How the Best and Brightest Use Their Computers

Post by David Pierce. Find me on Twitter.

How do we learn, well, anything? We watch how others do it. It’s how I learned to throw a baseball, smoke a cigar, drive a car, open a can (poorly–don’t ask), and so many other things.

Computers are no exception, either. The best way to learn which software you should use, which computer to use, how to set it up, and what the heck to do with it all, is to see exactly how they do it. In the tech world, people often will review products that might be great, but that they don’t use themselves; the best of the best, tend to be used by the best of the best.

A few smart people, around the Web, have been compiling and sharing what those people are doing—from their favorite software, to the contents of their bag, to what their desk looks like.

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Unplug Yourself. Sparingly.

Post by David Pierce. Find me on Twitter.

golf This is a post I never, ever thought I’d be writing.

One of the new popular things to talk about in productivity circles is "unplugging." The idea is that so much of what we’re logged in and connected to is just a time sink – Twitter, instant messengers, and the like. So, even for people who work with and through the Web, sometimes logging off can be a huge boon to our productivity. I’ve always thought that was crap.

This weekend, I went to the US Open golf championship. By the way, golf is officially the most frustrating sport on the planet. Basketball, football  – they all do things I know I’m not able to do. But Tiger’s golf swing doesn’t look all that different from mine! Except, you know, the whole "going in the hole, making me millions, and attracting supermodels to me" thing. Very frustrating.

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Want to Retire Early? Learn From Those Who Can

Post by David Pierce. Find me on Twitter.

PileOfMoney1 Ah, retirement. No work, no boss, nothing to do. Just play golf, smoke cigars, and hang out. Sounds awful.

If you’re looking for a way to get out of the corporate world or whatever you’re doing right now, make a ridiculous amount of money, and retire whenever you darn well please, one great way to get started is to take a look at how some people who do what you want to do well, do it.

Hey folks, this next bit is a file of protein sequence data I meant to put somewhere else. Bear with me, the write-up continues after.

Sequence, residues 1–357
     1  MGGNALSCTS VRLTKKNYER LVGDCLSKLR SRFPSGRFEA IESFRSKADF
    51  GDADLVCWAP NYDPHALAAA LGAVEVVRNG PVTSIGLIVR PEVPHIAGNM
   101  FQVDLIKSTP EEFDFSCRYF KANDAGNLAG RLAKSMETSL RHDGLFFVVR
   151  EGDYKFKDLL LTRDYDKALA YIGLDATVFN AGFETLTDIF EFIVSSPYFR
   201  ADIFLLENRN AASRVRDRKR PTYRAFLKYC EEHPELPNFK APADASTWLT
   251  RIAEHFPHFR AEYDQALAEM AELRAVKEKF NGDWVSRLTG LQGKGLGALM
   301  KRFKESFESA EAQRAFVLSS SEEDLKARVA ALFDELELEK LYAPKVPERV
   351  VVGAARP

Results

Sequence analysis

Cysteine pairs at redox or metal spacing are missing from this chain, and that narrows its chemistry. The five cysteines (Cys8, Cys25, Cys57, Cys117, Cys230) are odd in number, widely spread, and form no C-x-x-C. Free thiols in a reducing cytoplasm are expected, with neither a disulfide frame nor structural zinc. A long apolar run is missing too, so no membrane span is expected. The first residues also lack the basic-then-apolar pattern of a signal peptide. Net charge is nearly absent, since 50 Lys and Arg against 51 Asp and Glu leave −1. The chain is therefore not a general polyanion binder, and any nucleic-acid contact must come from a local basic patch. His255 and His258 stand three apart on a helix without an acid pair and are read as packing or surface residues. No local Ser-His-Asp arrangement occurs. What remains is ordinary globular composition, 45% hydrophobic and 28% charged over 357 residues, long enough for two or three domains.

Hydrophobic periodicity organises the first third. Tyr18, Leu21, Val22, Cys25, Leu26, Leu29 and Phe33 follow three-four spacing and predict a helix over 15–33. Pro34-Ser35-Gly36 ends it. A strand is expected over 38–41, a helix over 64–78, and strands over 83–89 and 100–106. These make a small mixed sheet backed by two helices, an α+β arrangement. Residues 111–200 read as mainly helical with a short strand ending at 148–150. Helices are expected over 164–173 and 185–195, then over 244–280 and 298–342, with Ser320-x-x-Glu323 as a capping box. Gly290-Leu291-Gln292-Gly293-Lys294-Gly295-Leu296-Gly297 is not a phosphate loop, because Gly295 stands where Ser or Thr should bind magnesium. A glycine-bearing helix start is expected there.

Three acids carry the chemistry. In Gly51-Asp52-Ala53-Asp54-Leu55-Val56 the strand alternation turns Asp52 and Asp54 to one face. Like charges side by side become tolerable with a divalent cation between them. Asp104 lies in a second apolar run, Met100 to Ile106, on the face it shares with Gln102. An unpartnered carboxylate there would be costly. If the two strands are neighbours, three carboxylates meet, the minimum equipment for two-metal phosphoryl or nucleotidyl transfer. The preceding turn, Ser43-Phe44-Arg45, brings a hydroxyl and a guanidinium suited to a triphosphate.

That’s the premise behind Retire@21, a site all about how young entrepreneurs are making it in the world. The site has, among a bunch of other useful and interesting tools and stories, a series of fascinating interviews with some of the most successful entrepreneurs, particularly in the Web world.

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Find Friends, Colleagues, Lovers and Anyone Else on Twitter with Tweepz

Post by David Pierce. Find me on Twitter.

waldo2

Finding people on Twitter can be tough – many people’s usernames (myself included) are different from their real names, and Twitter’s search isn’t the most helpful if you’re trying to figure out which David Pierce you’re trying to find on Twitter.

For that purpose, I use Tweepz, a great Twitter-extending people search engine. Tweepz searches through biographies, names, and usernames to figure out who it is that you’re really looking for.

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5 Ways to Find Just About Anyone

Post by Squealer from Squealing Rat. Find Squealer on Twitter.

2589377492_4d5a732f29 In the old days (you know, like the 1990s?), people used to connect in ways that the new generation knows nothing about. In fact, if I told a 10 year old with a laptop that his grandparents lived without the Internet and only a simple phone that could only call people, his jaw would probably drop.

Now, despite all the many technological innovations of the last several decades, many members of older generations are still living by these, shall we say, ancient habits.

Here are some new, tech-involved ways to do the tasks that the oldies used to do with rotary phones:

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